Defendant did not request a limiting instruction. Thus, he waived any error.

[6] Even on the merits, defendant's claim fails because he cannot establish that the lack of a limiting instruction compels reversal. He argues that the court's instruction was prejudicial because it "told the jury that the mere fact the jury had found one of the elements present could be conclusive of [his] guilt." Thus, it "undermine[d] the presumption of innocence by linking the mere fact of defendant's flight with the establishment of his guilt." We are unpersuaded.

We question whether the jury found the flight instruction applicable to the escape charge even without a limiting instruction. We note that during closing argument, the prosecutor asserted that the escape reflected defendant's attempt to avoid prosecution for the burglary and thus was relevant to establish guilt for that offense. Defense counsel asserted that the escape was justified by necessity and, therefore, did not indicate that defendant committed the burglary. Moreover, the jury was instructed that not all instructions may be applicable and to disregard those it found inapplicable.

In any event and contrary to defendant's claim, the instruction told the jury that evidence of flight was not enough, by itself, to establish guilt. [45 Cal. App. 4th 1712] However, defendant's flight from Elmwood was sufficient to convict him of escape (see § 4530, subd. (a)) unless he established a defense of duress or necessity. In asserting a necessity defense, defendant, in effect, admitted the elements of escape. Defendant fails to convincingly explain how the instruction was prejudicial to his defense.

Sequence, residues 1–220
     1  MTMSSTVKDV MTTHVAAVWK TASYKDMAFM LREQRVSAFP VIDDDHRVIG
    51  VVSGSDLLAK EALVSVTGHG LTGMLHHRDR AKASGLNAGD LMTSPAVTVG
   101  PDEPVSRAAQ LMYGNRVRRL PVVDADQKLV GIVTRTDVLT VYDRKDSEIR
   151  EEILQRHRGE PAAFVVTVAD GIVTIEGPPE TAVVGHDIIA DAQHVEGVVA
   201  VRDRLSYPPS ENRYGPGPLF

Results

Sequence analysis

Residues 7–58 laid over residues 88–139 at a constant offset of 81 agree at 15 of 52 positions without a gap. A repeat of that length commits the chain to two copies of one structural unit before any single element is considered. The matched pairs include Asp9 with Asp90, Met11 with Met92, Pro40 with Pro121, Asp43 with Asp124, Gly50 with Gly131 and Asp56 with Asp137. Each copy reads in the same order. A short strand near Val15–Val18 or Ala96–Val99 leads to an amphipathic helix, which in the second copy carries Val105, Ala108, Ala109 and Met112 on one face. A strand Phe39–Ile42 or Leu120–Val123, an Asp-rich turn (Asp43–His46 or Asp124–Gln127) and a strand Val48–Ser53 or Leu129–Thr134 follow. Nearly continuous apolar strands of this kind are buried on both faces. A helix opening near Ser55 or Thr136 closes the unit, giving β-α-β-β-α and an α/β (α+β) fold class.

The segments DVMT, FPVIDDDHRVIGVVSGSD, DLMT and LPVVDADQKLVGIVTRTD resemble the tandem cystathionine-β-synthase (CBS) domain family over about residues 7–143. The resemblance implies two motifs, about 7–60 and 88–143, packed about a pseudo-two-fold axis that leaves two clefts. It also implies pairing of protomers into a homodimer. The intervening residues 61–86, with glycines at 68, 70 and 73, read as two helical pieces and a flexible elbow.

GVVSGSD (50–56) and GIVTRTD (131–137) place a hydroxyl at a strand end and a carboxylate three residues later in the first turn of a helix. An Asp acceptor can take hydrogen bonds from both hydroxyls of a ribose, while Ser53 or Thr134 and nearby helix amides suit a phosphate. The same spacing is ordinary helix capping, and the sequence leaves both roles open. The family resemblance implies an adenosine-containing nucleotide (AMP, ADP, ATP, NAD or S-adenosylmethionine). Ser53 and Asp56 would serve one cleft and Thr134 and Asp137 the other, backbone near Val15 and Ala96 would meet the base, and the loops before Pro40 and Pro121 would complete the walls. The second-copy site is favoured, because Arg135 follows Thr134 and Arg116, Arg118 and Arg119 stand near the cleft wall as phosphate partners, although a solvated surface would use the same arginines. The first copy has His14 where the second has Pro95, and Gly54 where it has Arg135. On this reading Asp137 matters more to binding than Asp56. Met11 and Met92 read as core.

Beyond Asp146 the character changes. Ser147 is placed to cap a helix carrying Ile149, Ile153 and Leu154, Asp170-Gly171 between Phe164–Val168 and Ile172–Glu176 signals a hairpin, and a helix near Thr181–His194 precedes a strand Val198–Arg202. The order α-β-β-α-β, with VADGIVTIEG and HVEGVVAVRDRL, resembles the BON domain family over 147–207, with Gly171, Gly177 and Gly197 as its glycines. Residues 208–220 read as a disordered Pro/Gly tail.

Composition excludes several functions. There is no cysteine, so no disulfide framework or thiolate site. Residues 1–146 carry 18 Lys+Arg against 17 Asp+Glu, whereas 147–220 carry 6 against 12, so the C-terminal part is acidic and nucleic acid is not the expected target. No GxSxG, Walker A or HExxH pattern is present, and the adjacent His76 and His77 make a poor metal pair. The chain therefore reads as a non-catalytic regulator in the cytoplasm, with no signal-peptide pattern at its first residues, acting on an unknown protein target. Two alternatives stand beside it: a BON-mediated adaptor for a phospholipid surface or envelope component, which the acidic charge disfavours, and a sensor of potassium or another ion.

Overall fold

Moreover, even if he could, such prejudice would not compel reversal because defendant failed to present sufficient evidence to establish this defense. In particular, defendant's own evidence established that after his escape he remained at large for over seven months and never reported to authorities. However, to establish a necessity defense, defendant had to show that he immediately reported to the proper authorities when he attained a position of safety from the immediate threat from which he needed to escape. (People v. Lovercamp (1974) 43 Cal. App. 3d 823, 831 [118 Cal. Rptr. 110]; see CALJIC No. 4.44 (1989 new); 1 Witkin & Epstein, Cal. Criminal Law (2d ed. 1988) Defenses, § 238, pp. 273-274.)

B. Deletion of Inapplicable Language

Defendant next claims that because there was no evidence of flight at the time of the burglary, the court should have deleted from the standard instruction the phrase "immediately after the commission of a crime." (Italics added.) We agree.

[7] The inclusion of irrelevant language in an instruction implicates the trial court's duty to give only correct and pertinent instructions responsive to the evidence. (People v. Lang (1989) 49 Cal. 3d 991, 1025 [264 Cal. Rptr. 386, 782 P.2d 627].) Therefore, defendant may properly raise this claim despite his failure to challenge the instruction below.

In People v. Carrera (1989) 49 Cal. 3d 291 [261 Cal. Rptr. 348, 777 P.2d 121], the defendant escaped from jail. The court explained that the basis for a flight instruction was the defendant's escape from jail after his arrest. The escape tended to show guilt for the crime for which he was incarcerated. However, the court opined that under such circumstances, a trial court should have deleted "any reference in the instruction to flight 'immediately after the commission of a crime' and instructed the jury only as to flight after [the] defendant [is] 'accused of a crime,' ...." (Id. at p. 314.)